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Volume 2, Issue 4
Winter 2006:

Measuring a Life

Brian T. Maurer

Cell 2 Soul. 2006 Winter; 2(4):a17

Based on presentation at Cell 2 Soul Conference
November 12, 2006

How do you measure a life?

At first glance it sounds so simple. Stroll through any cemetery or graveyard, visit any sepulcher or memorial, and there before your eyes etched in granite you will find the answer: name, date of birth, date of death. In Western culture, we measure a life by its longevity. Yet there is much more to a life than just its span of years.

In medical practice, we attempt to measure lives in scientific terms. When a patient comes to see us for an evaluation, we record his height, weight, perhaps head circumference; vital signs such as temperature, pulse and respiratory rates, blood pressure, and the concentration of oxygen in the blood. If our patient is sick enough, we may take a closer look at blood chemistries or cell counts, even an imaging study. Such parameters can give us an idea of how well or ill our patient is, although none can individually measure the life itself.

To measure the depth of a life, we need a new set of tools, a new scale of measurements — something less precise perhaps, but more profound. Through three decades of medical practice, I have learned to intuit the breadth and depth of a life through the use of story.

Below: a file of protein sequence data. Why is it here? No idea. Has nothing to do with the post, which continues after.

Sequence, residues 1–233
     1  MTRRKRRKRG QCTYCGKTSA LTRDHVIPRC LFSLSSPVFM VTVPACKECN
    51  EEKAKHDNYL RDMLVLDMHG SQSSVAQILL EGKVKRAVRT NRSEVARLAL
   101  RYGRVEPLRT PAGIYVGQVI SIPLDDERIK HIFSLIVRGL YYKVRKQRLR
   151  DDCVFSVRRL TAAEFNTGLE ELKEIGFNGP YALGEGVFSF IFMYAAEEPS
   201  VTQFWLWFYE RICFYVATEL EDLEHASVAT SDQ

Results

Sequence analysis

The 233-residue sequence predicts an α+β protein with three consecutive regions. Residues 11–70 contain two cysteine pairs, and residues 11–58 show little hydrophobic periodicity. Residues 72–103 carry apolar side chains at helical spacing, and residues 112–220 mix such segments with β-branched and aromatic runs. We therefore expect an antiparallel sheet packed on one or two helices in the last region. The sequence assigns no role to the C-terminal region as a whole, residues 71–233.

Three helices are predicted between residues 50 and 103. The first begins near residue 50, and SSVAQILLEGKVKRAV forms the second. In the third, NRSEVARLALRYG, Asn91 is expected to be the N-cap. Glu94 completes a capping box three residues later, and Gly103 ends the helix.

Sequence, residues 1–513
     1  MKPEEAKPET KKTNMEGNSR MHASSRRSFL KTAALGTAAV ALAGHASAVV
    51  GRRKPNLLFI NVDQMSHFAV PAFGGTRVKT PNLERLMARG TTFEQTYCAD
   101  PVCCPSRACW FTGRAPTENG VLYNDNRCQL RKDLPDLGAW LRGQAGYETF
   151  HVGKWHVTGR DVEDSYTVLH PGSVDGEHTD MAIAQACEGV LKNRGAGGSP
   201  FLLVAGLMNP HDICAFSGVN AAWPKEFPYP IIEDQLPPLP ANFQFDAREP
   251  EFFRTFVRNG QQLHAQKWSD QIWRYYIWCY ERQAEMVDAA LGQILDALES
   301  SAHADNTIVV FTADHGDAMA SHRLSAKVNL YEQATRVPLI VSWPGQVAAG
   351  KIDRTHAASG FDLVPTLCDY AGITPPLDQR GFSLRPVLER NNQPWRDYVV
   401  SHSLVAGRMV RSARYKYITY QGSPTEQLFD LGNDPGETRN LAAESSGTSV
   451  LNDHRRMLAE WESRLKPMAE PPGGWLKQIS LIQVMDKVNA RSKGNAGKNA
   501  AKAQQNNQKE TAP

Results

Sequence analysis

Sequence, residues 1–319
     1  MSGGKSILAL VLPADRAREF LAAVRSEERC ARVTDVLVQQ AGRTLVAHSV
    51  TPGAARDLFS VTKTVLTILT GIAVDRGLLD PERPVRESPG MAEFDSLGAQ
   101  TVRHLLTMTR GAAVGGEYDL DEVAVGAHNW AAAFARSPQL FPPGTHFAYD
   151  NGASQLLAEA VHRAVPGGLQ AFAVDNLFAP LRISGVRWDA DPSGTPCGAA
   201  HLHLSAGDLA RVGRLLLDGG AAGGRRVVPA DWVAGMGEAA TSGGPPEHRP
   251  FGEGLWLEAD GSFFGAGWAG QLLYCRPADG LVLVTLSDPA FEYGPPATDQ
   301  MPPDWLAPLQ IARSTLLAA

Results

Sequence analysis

Ernest Hemingway wrote that every man's life is a novel if written down truly. If that be the case, then every patient has at least a short story to tell. As practitioners of the healing arts, to plumb the depth of a life, we have to learn to listen.

A decade ago, at one of the early Art & Calling conferences here in Williamstown, a prestigious physician and teacher of the medical humanities stood at a similar podium and addressed the audience with a rendition of what his undergraduate and medical schooling had been like. It certainly was nothing that he wished to repeat. I distinctly remember one turn of phrase he used to describe the light at the end of the tunnel: "and then there were the stories."

The stories he referred to were those that patients shared with him: stories of illness — how they had gotten sick; stories of past treatments — many of which fell short of the mark; stories of disappointments and hopes; stories of fears and newfound peace through acceptance; stories of facing mortality and imminent death.

It is only when we give the patient permission to speak as we listen with a non-judgmental posture that we begin to probe the depth of his life. It takes two to talk story: a speaker and a listener. And it is through the telling of the story that the patient can approach healing — not necessarily in a physical sense, but in the Old English sense of the word — to be made whole.

There is more to measuring a life than just the span of years. In the end it's the depth of the life that counts the most — that dimension that we can't see with the eye, but rather with the heart.

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